Borderlands (Zev Berman, 2007): 6.5/10

The Magic Flute (Ingmar Bergman, 1975): 7/10

La Guerre Est Finie (Alain Resnais, 1966): 7/10

Speed Racer (The Wachowski Brothers, 2008): 8/10

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Location: milwaukee, wi

Thursday, July 03, 2008

A few short ones

The Promotion is in limited release right now -- I was lucky enough to catch it, and can't recommend enough that you do the same. Seann William Scott plays Doug Stauber, an all-around nice, normal guy who is an assistant manager at a Chicago grocery store. He works hard, busts his ass, and has a wife with whom he's hoping to buy a house and start a real life with. Doug is finally in line for a promotion to manager at a store that's opening up across town. Enter Richard Wellner (John C. Reilly), a manager from a Canadian sister store who is up for the job as well. Richard is a good guy as well, with a kid and a wife and a troubled Canadian past. Both men need this job in order for their lives to get out of their respective ruts, so, they begin competing more and more ruthlessly. This film, more than probably any other I've ever seen, shows what happens when good people do bad things. There are moral consequences, but they're both hilarious and not overdone. Doug and Richard are completely people we all know; their flaws are both very funny and very sad. The second half of the film, especially the scene where Richard tapdances to unliscensed 80s rock on a motivational tape. You have to see it to understand. Do see it. Extra fun fact: the movie was filmed very near the apartment in Chicago where i lived for 6 months!


Beware: Children at Play would have been just another mediocre-to-bad-yet-enjoyable Troma film if not for its plot. It's probably the only B-horror movie of all time to have a main plot point be based on the plot of a classic of English-language literature. Yes, this film is about a gang on children who are kidnapped (sort of) from a small Bible-thumping town and are taking revenge on the adults, but these kids are also abducted and kept in line through the Beowulf myth. Seriously. The main evil child, Glenn Randall, has fashioned himself as Grendel to a group of outcasts who have turned into cannibals. Is this all too ridiculous to believe? It almost is, but the incredible weirdness of the plot makes it a little smarter than your average bad movie, and more worth checking out.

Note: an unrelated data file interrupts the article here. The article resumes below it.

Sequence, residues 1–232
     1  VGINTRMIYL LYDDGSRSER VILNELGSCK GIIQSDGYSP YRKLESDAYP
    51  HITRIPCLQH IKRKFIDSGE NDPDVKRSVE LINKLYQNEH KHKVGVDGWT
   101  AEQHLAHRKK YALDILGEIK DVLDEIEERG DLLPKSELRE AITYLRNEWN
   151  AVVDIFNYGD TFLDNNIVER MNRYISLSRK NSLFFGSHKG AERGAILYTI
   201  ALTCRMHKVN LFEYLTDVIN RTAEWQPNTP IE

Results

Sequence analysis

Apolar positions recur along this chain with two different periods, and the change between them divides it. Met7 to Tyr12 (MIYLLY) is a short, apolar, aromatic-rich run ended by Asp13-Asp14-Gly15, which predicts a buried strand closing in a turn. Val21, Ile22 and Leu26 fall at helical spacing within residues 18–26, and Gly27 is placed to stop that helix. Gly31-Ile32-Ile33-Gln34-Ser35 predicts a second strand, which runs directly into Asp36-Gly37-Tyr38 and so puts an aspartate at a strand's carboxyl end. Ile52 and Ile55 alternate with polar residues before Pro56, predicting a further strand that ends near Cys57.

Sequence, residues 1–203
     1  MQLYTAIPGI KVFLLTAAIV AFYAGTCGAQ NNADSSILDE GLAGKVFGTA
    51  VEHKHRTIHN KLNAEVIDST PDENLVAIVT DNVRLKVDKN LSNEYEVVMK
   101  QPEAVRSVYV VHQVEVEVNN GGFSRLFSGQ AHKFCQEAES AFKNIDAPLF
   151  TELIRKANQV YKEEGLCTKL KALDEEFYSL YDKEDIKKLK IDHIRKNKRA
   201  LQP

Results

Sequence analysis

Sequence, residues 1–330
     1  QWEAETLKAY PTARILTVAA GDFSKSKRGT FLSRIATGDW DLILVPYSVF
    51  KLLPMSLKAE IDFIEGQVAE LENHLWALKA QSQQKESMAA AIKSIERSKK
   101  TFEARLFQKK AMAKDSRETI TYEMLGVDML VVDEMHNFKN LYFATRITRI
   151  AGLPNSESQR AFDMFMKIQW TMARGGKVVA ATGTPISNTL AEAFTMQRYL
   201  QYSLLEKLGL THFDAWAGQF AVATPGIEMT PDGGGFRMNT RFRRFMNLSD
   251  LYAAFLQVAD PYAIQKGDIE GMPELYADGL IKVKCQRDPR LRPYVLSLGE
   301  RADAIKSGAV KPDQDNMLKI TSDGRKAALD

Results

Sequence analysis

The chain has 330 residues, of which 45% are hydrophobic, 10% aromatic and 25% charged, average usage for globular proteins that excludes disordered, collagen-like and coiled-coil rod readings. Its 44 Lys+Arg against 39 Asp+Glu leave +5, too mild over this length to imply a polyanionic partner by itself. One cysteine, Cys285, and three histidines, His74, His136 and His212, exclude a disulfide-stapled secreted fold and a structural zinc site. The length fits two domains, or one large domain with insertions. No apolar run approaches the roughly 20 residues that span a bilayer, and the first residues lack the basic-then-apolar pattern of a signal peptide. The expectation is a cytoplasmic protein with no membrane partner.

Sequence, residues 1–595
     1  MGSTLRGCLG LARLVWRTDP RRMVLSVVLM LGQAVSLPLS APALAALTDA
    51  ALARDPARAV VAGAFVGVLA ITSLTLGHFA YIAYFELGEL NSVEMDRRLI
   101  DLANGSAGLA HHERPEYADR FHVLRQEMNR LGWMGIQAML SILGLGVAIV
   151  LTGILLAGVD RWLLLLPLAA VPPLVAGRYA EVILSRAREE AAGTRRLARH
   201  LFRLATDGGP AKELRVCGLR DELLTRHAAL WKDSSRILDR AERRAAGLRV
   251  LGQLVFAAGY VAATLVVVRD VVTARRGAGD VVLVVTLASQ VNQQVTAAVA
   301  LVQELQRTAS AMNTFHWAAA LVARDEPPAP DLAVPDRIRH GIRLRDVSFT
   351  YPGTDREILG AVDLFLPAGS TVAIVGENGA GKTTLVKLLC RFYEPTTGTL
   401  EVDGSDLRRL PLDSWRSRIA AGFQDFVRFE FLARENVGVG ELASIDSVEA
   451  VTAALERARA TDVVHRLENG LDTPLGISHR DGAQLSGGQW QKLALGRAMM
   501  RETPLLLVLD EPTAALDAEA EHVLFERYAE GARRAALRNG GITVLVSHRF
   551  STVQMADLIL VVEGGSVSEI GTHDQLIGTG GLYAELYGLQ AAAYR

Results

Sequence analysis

A feminist classic? Maybe. Interesting to watch? Definitely, up to a point. I'll explain the film like this: once, a friend compared herself and I to Czech and French New Waves. She has adventures, can talk/write at length about almost anything, and has a sometimes bizarre or surreal sense of humor. I like to brood, smoke, and talk about how bad I feel. She's the Czech New Wave, and I'm the French. Czech filmmaker Vera Chytilova's movie doesn't make much sense, but it's not supposed to. Two girls named Marie (although I could have sworn one was named Julie?) decide to be bad, because society is bad. So they go on dates with old men, march around looking for attention, and finally trash a banquet hall (with a food fight that made me a little squeamish). They're both incredibly gorgeous (with amazing clothes, if that matters to anyone but me), and Chytilova's direction can be really remarkable, especially when she experiments with colors. But other times, I got the feeling it was surreal to be surreal, with no real point or redeeming value. This is grating. The film should be seen by those who are interested in the progression of global feminism in film, but don't expect, uh, a plot. Or characters. Or any traditional moviemaking techniques.


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